We are a welcoming community that seeks to follow Jesus Christ with all that we are and all that we have. Through worship, fellowship, education, and mission we open ourselves to God and our neighbor.
On Easter Day 2017, All Saints came together to participate in the on-going power of Resurrection in our lives and world. We all know how easy it is to slip into the cynicism that is gripping our country at the moment, so it is a profound act of healing and faith to gather as the Body of Christ to proclaim a different story, a story that starts in the Original Blessing of creation, goes through Israel, then comes to a point in the life, ministry, death, and resurrection of Jesus the Christ. It is this story that frames our lives and transforms the entire cosmos.
Mary Magdalene received a sign of two angelic messengers in the tomb to open her heart to the Risen Christ standing right behind her. All Saints received the sign of Beauty, which was present in music, flowers, liturgy, and the gathered fellowship. This sign opened our hearts to the presence of the Risen Christ in Word, Sacrament, and Community.
I continue to be filled with awe and gratitude for those who use their gifts to make it possible for us to see Christ, and to know him, as the One who is forever with us and for us. Thanks to all of you who worked so hard during The Great Three Days to make our celebration of Resurrection so full of Alleluias!
Easter Day, April 16, 2017
Acts 10: 34-43, Psalm 118: 1-2,14-24, Colossians 3: 1-4, John 20: 1-18
Driving home the other day I was surprised that the lead story on NPR “All Things Considered” was not about the 59 cruise missiles we sent onto a runway in Syria, nor was it about the rising threat of North Korea. No, it was the story about the doctor being dragged out of his seat, then down the aisle, and off his United Flight. This thing went viral because we instantly knew how we’d feel if that were us. How else could you feel but terrible! But then a thought-experiment popped into my head: What if I’d been dragged off the plane, kicking and screaming, and the plane takes off without me, but then falls out of the sky at 30,000 feet and nothing’s left but small pieces? How would I feel then? Continue reading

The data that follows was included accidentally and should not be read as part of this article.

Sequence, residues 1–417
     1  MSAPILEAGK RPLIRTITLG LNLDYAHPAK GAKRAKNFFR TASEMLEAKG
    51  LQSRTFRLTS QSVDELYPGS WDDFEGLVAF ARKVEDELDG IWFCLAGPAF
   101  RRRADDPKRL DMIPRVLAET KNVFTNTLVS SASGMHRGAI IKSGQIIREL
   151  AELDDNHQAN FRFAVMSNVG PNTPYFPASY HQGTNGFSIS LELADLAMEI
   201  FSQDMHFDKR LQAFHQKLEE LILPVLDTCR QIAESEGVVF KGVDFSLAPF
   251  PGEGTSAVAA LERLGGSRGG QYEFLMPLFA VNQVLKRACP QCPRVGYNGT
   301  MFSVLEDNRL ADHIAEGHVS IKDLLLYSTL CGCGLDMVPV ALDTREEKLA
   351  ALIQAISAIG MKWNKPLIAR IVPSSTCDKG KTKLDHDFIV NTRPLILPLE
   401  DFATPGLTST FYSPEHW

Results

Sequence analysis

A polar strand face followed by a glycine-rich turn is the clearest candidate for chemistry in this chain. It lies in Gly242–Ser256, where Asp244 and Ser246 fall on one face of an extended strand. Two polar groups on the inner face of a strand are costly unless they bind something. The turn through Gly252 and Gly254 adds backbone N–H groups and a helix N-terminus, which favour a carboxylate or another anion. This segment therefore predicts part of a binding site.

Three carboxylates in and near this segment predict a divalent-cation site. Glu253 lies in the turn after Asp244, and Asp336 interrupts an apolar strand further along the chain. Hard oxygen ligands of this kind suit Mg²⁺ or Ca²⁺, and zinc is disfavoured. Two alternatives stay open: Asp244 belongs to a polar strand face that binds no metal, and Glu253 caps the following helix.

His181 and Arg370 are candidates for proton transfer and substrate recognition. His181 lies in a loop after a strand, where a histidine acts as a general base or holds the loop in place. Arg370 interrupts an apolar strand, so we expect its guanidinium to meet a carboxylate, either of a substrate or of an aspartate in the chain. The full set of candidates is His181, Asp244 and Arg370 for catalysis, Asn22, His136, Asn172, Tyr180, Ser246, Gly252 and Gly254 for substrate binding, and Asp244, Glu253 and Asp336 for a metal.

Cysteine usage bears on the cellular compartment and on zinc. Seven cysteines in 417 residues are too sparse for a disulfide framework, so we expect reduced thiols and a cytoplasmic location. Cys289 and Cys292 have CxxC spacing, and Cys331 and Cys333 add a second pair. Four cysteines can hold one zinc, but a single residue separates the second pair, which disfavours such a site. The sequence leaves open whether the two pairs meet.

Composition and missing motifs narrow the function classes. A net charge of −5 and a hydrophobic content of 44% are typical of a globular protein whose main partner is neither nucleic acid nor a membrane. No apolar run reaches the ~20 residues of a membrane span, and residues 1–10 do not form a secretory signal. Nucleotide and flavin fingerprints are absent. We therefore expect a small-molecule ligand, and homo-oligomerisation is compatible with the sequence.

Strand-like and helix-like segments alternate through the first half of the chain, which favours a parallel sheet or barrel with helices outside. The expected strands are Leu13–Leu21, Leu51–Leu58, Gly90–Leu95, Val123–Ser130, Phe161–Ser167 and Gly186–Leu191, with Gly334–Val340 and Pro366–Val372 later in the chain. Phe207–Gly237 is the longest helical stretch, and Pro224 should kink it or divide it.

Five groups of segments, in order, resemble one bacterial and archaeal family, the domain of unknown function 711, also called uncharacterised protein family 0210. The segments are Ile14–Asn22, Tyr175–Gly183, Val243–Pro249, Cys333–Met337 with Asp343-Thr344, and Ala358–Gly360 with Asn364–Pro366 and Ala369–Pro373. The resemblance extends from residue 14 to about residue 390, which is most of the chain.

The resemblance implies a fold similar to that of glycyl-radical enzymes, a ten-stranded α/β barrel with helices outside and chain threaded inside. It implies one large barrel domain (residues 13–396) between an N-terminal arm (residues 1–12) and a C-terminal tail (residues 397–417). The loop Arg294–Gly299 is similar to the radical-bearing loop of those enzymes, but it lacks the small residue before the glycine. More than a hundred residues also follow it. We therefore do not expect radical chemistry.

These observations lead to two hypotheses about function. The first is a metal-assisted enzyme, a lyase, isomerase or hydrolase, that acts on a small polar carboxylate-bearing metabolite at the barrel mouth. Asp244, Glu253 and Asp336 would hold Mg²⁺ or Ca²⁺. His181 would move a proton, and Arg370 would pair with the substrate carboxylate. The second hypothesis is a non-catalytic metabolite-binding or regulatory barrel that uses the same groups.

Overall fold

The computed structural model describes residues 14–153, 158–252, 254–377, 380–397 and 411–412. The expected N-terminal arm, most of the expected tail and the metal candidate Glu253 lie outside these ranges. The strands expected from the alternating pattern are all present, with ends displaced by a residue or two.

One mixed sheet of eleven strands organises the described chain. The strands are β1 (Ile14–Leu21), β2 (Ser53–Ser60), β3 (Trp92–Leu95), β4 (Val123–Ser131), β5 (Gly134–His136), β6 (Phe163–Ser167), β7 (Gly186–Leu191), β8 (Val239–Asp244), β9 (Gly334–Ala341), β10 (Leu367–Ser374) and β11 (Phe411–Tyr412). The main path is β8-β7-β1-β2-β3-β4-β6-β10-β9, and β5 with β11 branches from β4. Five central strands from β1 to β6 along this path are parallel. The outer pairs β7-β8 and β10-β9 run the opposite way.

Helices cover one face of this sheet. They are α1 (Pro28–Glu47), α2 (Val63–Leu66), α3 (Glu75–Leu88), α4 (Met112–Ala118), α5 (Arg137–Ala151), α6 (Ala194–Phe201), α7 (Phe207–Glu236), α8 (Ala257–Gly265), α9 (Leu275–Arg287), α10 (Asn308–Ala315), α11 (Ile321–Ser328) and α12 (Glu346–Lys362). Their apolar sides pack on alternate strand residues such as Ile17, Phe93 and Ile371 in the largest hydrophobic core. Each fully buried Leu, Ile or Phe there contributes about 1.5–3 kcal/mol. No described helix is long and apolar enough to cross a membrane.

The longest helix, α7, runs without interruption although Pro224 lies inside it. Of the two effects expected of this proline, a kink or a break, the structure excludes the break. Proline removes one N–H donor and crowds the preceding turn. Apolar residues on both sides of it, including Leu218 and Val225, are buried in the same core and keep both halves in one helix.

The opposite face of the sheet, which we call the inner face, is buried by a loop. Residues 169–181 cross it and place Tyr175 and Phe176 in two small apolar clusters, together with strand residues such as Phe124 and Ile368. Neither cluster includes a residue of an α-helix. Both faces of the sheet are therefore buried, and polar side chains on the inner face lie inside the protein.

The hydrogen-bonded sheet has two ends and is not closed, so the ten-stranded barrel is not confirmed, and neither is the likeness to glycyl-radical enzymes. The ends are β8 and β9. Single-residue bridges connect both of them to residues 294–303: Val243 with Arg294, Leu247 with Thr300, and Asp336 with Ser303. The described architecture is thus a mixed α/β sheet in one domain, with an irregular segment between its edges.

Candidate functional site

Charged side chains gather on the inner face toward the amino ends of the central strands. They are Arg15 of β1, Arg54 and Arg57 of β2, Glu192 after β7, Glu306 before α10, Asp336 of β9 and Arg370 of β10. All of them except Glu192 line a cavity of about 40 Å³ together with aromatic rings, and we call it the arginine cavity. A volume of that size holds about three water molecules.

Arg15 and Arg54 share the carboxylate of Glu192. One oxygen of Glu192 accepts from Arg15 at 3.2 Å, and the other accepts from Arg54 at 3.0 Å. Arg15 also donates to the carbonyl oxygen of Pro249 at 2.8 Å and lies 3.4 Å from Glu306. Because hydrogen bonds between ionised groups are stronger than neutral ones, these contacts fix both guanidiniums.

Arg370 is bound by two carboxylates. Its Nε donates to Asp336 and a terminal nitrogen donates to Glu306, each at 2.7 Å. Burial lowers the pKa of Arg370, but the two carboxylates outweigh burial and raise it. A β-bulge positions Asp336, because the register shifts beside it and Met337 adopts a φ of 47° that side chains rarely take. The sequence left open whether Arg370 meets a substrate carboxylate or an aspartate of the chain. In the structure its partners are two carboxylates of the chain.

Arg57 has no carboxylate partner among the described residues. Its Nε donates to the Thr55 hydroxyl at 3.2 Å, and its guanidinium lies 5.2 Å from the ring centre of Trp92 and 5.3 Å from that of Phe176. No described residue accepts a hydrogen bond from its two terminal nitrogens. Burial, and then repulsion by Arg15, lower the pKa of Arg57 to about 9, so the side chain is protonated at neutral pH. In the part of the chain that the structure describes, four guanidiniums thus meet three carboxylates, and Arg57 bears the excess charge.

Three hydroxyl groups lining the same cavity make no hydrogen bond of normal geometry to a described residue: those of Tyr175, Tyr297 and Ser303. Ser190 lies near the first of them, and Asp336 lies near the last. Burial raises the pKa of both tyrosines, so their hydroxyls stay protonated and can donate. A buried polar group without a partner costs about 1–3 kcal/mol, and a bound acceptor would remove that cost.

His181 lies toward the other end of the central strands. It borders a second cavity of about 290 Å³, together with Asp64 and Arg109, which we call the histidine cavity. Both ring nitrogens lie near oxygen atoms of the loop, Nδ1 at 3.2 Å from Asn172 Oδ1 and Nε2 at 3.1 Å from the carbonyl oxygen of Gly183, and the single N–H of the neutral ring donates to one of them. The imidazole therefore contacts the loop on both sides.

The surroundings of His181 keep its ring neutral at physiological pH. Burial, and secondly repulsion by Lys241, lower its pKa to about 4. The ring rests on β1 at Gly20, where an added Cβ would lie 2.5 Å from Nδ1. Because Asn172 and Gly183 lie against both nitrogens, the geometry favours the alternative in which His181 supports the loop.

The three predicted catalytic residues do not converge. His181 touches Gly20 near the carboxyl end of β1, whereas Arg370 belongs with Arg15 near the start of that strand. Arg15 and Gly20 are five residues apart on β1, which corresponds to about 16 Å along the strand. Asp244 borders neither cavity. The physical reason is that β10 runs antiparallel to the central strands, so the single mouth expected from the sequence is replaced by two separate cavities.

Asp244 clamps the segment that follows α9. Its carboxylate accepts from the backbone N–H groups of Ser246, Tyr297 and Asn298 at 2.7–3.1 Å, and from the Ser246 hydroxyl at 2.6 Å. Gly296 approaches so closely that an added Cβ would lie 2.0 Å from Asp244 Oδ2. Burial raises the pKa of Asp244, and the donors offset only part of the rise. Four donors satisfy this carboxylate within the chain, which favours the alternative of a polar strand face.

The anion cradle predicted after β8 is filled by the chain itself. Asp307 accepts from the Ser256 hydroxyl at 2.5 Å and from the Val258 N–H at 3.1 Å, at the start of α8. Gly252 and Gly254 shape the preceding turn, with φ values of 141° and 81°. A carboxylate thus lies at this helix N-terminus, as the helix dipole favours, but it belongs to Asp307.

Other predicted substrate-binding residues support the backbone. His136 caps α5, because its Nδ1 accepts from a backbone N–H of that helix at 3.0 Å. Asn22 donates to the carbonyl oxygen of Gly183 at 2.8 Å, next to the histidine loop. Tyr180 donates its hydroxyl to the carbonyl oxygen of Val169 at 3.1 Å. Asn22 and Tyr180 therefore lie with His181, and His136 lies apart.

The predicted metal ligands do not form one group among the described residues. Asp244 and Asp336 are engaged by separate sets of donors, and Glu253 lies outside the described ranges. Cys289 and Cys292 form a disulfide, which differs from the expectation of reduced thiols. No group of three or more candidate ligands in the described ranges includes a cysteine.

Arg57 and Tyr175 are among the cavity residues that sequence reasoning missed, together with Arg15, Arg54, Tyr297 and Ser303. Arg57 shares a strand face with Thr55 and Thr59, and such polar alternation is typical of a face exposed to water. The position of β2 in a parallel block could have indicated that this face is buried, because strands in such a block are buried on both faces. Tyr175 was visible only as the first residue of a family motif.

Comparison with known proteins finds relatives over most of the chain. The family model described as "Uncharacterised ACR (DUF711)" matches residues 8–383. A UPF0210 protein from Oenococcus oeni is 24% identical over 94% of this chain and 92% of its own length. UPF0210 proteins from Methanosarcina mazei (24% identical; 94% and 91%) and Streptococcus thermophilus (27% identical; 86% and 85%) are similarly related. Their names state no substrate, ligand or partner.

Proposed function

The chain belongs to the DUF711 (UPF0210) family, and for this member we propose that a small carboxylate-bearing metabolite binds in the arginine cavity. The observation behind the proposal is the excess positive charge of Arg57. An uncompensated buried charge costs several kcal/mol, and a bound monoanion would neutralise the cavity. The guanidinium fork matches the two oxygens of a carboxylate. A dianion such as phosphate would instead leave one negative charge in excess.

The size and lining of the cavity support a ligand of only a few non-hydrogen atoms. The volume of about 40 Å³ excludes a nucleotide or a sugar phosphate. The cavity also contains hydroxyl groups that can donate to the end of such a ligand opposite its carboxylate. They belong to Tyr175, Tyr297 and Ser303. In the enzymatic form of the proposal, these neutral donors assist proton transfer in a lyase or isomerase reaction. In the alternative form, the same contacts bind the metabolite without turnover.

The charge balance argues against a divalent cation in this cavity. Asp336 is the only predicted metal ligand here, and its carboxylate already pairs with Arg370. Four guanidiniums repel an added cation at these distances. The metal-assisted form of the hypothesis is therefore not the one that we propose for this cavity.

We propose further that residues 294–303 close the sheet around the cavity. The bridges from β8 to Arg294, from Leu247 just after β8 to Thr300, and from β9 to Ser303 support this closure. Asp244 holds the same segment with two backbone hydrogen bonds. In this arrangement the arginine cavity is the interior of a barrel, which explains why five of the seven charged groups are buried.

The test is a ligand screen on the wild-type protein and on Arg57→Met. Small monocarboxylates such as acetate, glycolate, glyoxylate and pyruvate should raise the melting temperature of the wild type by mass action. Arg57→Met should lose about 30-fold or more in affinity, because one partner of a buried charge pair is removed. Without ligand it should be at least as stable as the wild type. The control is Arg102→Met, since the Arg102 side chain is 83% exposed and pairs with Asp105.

Good Friday–April 14, 2017
Isaiah 52:13-53:12, Hebrews 10:16-25, John 18:1-19:42, Psalm 22
The church, under the guidance of the Spirit, always proclaims on Good Friday the Passion of Jesus from John’s Gospel. On Palm Sunday we always read a passion account from Matthew, Mark, or Luke (last Sunday we performed Matthew’s passion), because in many ways these portray the passion of the Son of Man, But on Good Friday the Church wants us to see the death of Jesus, as the Passion of the Son of God. Continue reading
Maundy Thursday, April 13, 2017
Exodus 12:1-14, 1 Corinthians 11:23-26, John 13:1-17, 31b-35
Occasionally it is helpful for a person who feels stuck in a rut, to imagine she has all the money, time, health, and family support she needs and then to ponder deeply what exactly she wants to do with her life. We are told the Father has given all things to Jesus—Jesus comes from God and he is going to God, so he can do whatever he desires—yet John tells us at precisely that moment he gets up from supper—his last supper—takes off his outer garments, ties a towel around himself, and begins washing the disciples’ feet. This makes no sense in our world! He could do anything and yet he washes feet, which includes the feet of Judas, who has not left yet to betray him. Continue reading
Laura Marshall and Sharon West
This video was taken by a local amateur videographer named Damon L. Arcangelo who visited All Saints’. Enjoy.
As an amateur photographer, I think he captured an “essence” of All Saints’ that goes back generations, and has a great eye for some of the stunning views in our church. Absolutely beautiful. See if you agree…
Thank you Damon!
Forward Day by Day is a booklet of daily inspirational meditations reflecting on a specific Bible passage, chosen from the daily lectionary readings as listed in the Revised Common Lectionary or the Daily Office from the Episcopal Church’s Book of Common Prayer.
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